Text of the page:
Manolo Roman | Issue Ten Interview

Manolo Roman was born Manuel Bartolome Gomez Roman in 1967 in Granada, Spain. He showed an early interest in art and started to draw and paint at an early age. During his formative years, he self-studied art in Granada, before mov- ing to Madrid in 1987, where he lived for 4 years. The capital of Spain, with its great museums and thriving art scene, offered an inspirational and innovative environment for the artist. During this period Manolo Roman focused his studies on the great masters of the Renaissance in order to build a solid formal foundation based on traditional technique and representation. His first large can- vases were a product of this academic approach, but while they were intended as tributes to the great masters, these works already incorporated elements of the expressionistic style that would later define the artist’s work.

What prompted you to participate in our art for advent project?

What prompted me to take part in this project was the original and amusing idea of creating a new and different artwork everyday over 24 days.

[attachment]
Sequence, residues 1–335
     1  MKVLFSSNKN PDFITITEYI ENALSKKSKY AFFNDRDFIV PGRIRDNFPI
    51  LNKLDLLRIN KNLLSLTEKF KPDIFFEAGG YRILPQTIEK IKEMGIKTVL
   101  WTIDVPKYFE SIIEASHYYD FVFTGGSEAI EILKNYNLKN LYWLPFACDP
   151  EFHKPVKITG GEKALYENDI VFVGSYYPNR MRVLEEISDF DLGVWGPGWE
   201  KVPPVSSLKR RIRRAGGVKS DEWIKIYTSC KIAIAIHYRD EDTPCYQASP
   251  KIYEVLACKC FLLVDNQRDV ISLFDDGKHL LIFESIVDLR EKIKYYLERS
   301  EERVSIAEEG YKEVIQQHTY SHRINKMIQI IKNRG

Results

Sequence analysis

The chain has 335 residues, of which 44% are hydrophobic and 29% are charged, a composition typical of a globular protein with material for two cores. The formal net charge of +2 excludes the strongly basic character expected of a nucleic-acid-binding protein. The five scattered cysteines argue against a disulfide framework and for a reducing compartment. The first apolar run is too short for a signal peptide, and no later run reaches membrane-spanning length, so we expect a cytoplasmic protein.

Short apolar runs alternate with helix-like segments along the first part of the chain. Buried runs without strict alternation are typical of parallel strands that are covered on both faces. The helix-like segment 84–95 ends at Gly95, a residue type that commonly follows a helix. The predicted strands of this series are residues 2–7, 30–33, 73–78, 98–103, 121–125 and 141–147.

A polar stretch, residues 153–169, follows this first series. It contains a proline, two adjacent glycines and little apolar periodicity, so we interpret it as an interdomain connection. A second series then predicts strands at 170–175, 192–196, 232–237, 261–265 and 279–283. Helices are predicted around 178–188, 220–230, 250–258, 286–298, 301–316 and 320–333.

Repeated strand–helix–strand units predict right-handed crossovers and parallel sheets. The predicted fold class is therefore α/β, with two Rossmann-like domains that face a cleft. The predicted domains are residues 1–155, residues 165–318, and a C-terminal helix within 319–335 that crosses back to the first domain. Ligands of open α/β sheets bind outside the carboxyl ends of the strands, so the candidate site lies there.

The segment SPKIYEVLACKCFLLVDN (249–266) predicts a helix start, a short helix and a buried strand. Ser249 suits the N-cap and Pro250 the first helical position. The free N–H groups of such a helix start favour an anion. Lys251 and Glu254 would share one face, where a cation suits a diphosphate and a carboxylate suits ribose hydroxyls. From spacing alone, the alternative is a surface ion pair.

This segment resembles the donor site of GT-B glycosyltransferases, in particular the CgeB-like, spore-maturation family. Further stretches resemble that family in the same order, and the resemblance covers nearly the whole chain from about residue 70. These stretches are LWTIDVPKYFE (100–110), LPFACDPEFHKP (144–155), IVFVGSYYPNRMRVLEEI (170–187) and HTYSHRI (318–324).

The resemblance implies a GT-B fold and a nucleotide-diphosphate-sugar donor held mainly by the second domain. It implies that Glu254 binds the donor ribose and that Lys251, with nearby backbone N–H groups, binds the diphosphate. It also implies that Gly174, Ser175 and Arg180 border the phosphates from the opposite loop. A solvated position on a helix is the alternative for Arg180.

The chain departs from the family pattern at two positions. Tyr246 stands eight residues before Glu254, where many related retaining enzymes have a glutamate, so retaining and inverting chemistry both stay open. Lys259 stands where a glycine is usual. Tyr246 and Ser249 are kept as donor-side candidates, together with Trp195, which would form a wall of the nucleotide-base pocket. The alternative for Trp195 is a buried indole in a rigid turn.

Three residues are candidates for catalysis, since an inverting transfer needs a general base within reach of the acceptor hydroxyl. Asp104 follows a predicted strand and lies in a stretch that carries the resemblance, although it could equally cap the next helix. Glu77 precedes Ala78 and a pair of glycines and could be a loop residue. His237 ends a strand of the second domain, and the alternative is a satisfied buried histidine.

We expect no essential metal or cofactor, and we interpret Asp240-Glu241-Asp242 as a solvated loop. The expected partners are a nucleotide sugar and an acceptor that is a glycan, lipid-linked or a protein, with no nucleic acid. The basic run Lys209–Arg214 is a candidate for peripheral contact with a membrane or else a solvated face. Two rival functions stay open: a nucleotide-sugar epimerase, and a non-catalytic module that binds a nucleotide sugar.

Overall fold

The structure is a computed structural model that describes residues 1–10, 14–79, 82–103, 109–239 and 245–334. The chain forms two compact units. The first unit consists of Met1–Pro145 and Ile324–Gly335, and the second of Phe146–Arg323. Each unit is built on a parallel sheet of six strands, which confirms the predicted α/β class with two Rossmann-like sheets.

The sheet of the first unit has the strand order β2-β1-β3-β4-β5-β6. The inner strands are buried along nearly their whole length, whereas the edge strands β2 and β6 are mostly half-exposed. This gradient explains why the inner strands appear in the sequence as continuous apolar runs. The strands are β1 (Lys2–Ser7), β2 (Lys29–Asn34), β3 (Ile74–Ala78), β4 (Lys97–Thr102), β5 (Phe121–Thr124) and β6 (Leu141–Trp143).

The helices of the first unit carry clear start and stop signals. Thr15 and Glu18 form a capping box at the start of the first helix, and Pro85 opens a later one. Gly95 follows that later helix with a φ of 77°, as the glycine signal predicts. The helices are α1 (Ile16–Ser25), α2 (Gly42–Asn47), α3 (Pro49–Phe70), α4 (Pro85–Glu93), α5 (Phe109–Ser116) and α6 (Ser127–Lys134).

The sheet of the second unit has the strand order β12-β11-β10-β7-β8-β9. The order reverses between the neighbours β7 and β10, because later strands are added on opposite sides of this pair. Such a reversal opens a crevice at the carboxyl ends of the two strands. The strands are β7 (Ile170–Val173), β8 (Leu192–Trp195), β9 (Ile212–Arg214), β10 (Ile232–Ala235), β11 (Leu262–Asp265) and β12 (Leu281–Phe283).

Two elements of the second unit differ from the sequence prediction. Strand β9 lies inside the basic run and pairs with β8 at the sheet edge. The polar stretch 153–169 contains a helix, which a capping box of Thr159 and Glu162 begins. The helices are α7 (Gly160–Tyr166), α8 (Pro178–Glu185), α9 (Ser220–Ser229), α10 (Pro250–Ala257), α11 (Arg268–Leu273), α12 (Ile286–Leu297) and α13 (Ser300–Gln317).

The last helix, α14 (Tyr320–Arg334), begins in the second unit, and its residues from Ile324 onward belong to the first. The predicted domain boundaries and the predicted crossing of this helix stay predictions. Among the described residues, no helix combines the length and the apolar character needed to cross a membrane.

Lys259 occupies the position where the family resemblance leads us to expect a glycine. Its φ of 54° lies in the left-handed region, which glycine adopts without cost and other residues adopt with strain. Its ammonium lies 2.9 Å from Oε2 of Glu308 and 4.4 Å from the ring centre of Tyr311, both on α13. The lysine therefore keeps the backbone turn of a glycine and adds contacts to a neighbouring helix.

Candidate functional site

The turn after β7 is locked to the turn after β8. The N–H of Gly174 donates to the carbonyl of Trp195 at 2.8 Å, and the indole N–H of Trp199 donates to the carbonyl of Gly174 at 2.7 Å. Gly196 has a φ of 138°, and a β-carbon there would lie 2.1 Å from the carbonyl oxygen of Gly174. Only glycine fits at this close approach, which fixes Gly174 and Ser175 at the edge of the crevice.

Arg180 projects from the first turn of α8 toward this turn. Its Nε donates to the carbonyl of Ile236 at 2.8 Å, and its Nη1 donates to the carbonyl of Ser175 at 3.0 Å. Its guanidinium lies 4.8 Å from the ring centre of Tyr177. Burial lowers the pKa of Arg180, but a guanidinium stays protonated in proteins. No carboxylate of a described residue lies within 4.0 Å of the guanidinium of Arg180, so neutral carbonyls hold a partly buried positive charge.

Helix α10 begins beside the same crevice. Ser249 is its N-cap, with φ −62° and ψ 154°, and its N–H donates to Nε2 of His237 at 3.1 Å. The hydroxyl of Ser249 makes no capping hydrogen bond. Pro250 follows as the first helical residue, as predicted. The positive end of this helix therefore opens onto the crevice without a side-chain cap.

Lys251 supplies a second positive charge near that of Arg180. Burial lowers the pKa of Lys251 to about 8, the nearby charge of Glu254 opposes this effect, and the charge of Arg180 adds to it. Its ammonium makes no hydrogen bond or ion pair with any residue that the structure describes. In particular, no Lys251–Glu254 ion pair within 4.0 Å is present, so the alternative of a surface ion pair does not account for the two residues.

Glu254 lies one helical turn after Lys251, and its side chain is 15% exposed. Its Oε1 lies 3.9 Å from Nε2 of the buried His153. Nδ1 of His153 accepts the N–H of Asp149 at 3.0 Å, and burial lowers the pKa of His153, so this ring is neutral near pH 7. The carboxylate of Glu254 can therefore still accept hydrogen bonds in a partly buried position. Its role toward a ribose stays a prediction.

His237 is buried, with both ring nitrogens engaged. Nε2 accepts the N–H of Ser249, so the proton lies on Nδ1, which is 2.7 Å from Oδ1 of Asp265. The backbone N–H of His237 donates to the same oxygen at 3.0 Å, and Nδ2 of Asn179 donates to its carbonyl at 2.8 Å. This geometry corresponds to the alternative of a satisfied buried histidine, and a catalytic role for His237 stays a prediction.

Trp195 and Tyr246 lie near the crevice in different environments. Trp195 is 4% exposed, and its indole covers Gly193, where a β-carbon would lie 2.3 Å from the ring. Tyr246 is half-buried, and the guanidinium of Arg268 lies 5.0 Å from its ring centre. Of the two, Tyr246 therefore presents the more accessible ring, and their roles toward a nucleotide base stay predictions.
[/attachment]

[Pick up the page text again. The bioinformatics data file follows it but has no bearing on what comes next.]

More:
What art do you most identify with? any specific influences or research areas?

I identify and consider myself to be influenced by both the American Abstract Expressionism and the European painting movements of the middle and end of 20th century.

How did you find the art for advent project? What was your routine for making?

I found Art for Advent while surfing the Internet and I am glad I did. In regards to the routine for making, I aimed to create a new sketch everyday by trying not to be biased by the sketches of the previous days and by avoiding any foregone idea.

Are there any upcoming exhibitions or projects in the works?

Currently, I have no other concrete projects. How- ever, I intend to keep working in the mastering of different colour and form techniques while await- ing whatever the destiny has to bring.

Is there something you couldn’t live without in your studio? What is your most essential tool?

There is one thing I could not live without while working in my studio. That thing is music. Music is an essential element of my artwork’s creation pro- cess. The reason is that music conveys my mood and helps me to work more inspired. Finally, the tools I believe to be most fundamental and primary when working are, without hesitation, my eyes and fingers. For me, it’s essential to touch the paintings and see the colours.

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